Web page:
THE INCREASE: Clayton Kershaw - Hope is a person

This devotional by Los Angeles Dodgers pitcher Clayton Kershaw is featured in The Increase’s 21-Day YouVersion Devotional. Start this plan to hear more articles by Pro Athletes.

My wife, Ellen, and I had been married three weeks when we found ourselves on a plane to Zambia. Ellen had made several trips to a Zambian village, but it was my first time.

When we arrived at the village, we met Hope.

Hope was a beautiful little girl who wouldn’t leave our side. She was what the experts call a “double orphan,” meaning that both her mother and her father had passed away. Ellen and I decided to sponsor Hope, although we didn’t realize what that would or could become.

And maybe that’s the point.

In Matthew 25, Jesus is talking to some folks about what He considers to be of primary importance. He speaks of feeding the hungry, of quenching the dry throat of the thirsty, of inviting the stranger into our homes, and of clothing the naked.

But this passage became more than personal to me when I looked into the eyes of Hope.

“When the Son of Man comes in His glory, and all the angels with Him, He will sit on His glorious throne. All the nations will be gathered before Him, and He will separate the people one from another as a shepherd separates the sheep from the goats. He will put the sheep on His right and the goats on His left.

“Then the King will say to those on His right, ‘Come, you who are blessed by My Father; take your inheritance, the Kingdom prepared for you since the creation of the world. For I was hungry and you gave Me something to eat, I was thirsty and you gave Me something to drink, I was a stranger and you invited Me in, I needed clothes and you clothed Me, I was sick and you looked after Me, I was in prison and you came to visit Me.’

“Then the righteous will answer Him, ‘Lord, when did we see You hungry and feed You, or thirsty and give You something to drink? When did we see you a stranger and invite You in, or needing clothes and clothe You? When did we see You sick or in prison and go to visit You?’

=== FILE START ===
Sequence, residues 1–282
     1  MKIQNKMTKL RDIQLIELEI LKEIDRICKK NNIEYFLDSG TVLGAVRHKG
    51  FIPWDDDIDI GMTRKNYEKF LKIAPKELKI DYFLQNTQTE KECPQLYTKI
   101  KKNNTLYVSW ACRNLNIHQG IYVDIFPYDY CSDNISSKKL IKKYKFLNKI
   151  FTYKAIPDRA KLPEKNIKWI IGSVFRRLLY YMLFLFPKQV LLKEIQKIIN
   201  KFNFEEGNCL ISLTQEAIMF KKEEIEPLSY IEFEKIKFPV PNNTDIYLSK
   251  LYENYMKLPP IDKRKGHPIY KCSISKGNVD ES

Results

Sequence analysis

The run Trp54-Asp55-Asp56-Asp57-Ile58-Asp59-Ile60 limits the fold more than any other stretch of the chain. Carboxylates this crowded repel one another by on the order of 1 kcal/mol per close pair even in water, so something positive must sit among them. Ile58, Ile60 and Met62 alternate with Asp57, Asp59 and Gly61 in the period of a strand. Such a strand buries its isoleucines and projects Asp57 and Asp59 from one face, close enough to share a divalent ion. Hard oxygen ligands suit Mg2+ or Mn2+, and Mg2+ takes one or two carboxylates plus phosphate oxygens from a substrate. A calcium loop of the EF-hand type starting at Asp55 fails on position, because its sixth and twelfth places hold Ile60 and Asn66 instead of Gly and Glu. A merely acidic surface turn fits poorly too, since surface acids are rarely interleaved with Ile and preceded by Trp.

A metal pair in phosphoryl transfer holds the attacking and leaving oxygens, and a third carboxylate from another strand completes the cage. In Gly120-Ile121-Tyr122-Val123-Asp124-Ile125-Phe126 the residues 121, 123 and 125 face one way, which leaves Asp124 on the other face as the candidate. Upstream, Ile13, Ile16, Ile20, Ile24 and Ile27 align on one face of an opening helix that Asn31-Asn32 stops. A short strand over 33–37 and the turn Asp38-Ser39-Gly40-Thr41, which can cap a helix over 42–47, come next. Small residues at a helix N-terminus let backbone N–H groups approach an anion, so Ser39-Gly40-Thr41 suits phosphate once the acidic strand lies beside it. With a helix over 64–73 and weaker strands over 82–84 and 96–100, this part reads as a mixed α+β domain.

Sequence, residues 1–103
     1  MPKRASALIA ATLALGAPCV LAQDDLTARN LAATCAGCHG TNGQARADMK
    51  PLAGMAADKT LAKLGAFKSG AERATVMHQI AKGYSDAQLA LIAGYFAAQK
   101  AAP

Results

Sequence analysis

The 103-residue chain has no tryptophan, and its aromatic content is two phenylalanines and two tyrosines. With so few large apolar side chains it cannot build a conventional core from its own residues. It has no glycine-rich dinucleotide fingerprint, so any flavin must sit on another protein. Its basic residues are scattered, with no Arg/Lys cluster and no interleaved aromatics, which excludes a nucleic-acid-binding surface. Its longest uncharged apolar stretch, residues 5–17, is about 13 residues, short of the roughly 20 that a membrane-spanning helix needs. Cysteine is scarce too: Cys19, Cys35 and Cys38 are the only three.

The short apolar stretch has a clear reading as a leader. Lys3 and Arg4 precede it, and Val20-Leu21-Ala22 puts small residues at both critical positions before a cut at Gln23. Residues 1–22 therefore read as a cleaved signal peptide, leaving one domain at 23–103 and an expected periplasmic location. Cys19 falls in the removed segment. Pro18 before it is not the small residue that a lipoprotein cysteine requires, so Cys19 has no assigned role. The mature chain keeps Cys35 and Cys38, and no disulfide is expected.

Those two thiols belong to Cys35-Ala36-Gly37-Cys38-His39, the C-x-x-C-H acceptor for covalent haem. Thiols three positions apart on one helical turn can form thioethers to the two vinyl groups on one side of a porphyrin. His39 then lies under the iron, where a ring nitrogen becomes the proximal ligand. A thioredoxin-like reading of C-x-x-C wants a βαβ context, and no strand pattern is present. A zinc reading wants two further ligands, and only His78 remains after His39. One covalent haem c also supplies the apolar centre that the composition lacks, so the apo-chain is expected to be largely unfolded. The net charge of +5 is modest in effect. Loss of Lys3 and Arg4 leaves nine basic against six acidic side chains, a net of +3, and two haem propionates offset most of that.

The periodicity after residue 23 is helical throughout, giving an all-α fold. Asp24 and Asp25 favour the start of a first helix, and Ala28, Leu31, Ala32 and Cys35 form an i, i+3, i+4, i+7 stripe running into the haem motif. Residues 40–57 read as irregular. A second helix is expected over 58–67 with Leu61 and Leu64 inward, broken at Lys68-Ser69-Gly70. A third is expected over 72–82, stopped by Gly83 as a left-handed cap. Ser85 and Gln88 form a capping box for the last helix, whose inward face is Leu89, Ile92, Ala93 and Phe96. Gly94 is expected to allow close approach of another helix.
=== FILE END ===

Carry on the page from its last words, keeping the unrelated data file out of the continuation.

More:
“The King will reply, ‘Truly I tell you, whatever you did for one of the least of these brothers and sisters of Mine, you did for Me.’

“Then He will say to those on His left, ‘Depart from Me, you who are cursed, into the eternal fire prepared for the devil and his angels. For I was hungry and you gave Me nothing to eat, I was thirsty and you gave Me nothing to drink, I was a stranger and you did not invite Me in, I needed clothes and you did not clothe Me, I was sick and in prison and you did not look after Me.’

“They also will answer, ‘Lord, when did we see You hungry or thirsty or a stranger or needing clothes or sick or in prison, and did not help You?’

“He will reply, ‘Truly I tell you, whatever you did not do for one of the least of these, you did not do for Me.’

“Then they will go away to eternal punishment, but the righteous to eternal life.” — Matthew 25:31-46

It’s interesting to me that God is separating people into two groups based on how they responded to what Jesus called “the least of these.” And the people who chose to give water and food and shelter and clothing are unknowingly serving Jesus Himself. That’s an amazing and life-changing thought, because it can literally impact the way we live our everyday lives.

I’m not a pastor or a theologian, so I don’t claim to talk with authority about the end times — about what’s revealed in Matthew 25. But I think I can say this with confidence: How we treat the poor and the oppressed is deeply connected to the center of God’s heart. We can’t get around it. It’s everywhere in Scripture. Are we responding to the Jesus we see in their eyes, or are we turning a blind eye to them, hoping that someone else will serve them instead of us?

Ellen and I started a foundation that helped fund an orphanage in Zambia. We called it “Hope’s Home.” I’m not putting us on a pedestal of virtue, or setting our lives up as an example for everyone to follow. We’re as broken as everyone else.

But in our brokenness, we’re trying our best to hear God’s voice, and then respond to it with our actions.

If you’d like to meet my wife, Ellen, and see some images of what’s happening at Hope’s Home in Zambia, then you’re invited to view our Increase story:

The Increase, part of the Sports Spectrum Network, is a community of Christian pro athletes sharing their personal stories of the decrease of self and the increase of Christ (John 3:30). Visit TheIncrease.com for more stories and videos.